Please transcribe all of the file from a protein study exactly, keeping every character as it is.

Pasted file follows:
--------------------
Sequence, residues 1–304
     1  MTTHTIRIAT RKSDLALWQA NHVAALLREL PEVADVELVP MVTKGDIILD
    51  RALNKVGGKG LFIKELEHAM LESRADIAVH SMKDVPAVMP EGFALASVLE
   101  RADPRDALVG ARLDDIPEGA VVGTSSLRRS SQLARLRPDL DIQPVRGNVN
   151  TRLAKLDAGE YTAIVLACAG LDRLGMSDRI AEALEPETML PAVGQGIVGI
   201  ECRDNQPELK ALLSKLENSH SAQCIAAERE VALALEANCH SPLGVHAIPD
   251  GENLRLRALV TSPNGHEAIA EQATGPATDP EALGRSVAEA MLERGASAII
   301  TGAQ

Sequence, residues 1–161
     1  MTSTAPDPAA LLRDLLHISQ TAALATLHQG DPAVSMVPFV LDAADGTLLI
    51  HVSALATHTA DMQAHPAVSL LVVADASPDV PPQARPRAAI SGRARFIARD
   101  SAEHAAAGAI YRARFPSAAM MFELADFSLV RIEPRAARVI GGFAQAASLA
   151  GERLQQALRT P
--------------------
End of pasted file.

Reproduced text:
Sequence, residues 1–304
     1  MTTHTIRIAT RKSDLALWQA NHVAALLREL PEVADVELVP MVTKGDIILD
    51  RALNKVGGKG LFIKELEHAM LESRADIAVH SMKDVPAVMP EGFALASVLE
   101  RADPRDALVG ARLDDIPEGA VVGTSSLRRS SQLARLRPDL DIQPVRGNVN
   151  TRLAKLDAGE YTAIVLACAG LDRLGMSDRI AEALEPETML PAVGQGIVGI
   201  ECRDNQPELK ALLSKLENSH SAQCIAAERE VALALEANCH SPLGVHAIPD
   251  GENLRLRALV TSPNGHEAIA EQATGPATDP EALGRSVAEA MLERGASAII
   301  TGAQ

Sequence, residues 1–161
     1  MTSTAPDPAA LLRDLLHISQ TAALATLHQG DPAVSMVPFV LDAADGTLLI
    51  HVSALATHTA DMQAHPAVSL LVVADASPDV PPQARPRAAI SGRARFIARD
   101  SAEHAAAGAI YRARFPSAAM MFELADFSLV RIEPRAARVI GGFAQAASLA
   151  GERLQQALRT P